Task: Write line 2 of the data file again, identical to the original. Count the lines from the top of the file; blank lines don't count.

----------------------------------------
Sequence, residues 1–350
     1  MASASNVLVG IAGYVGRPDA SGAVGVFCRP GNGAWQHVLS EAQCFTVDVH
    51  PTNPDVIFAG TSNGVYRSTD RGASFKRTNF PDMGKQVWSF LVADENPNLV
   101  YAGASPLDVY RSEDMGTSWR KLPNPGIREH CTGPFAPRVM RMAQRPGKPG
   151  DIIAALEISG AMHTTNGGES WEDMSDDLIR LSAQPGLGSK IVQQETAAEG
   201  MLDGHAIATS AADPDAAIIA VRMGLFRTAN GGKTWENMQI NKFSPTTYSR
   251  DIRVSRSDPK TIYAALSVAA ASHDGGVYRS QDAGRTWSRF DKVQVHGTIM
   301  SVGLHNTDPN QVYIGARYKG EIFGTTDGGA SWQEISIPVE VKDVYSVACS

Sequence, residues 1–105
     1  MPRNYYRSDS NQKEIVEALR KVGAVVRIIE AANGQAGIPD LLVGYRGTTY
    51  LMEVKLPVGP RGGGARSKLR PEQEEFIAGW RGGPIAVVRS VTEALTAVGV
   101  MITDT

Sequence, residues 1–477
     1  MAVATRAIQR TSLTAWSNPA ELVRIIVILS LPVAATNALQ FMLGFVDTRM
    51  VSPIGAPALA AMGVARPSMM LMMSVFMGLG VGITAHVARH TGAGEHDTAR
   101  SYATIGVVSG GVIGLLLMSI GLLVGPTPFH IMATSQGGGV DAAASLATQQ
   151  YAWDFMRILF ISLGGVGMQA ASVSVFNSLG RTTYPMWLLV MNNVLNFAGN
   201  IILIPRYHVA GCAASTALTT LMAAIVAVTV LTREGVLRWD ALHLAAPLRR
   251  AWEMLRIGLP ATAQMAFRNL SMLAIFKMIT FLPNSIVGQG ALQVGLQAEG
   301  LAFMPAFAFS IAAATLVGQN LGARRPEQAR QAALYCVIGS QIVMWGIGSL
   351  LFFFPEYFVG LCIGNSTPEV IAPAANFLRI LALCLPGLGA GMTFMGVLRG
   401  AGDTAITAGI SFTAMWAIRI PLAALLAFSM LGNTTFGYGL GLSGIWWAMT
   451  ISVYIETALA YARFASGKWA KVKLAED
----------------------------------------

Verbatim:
     1  MASASNVLVG IAGYVGRPDA SGAVGVFCRP GNGAWQHVLS EAQCFTVDVH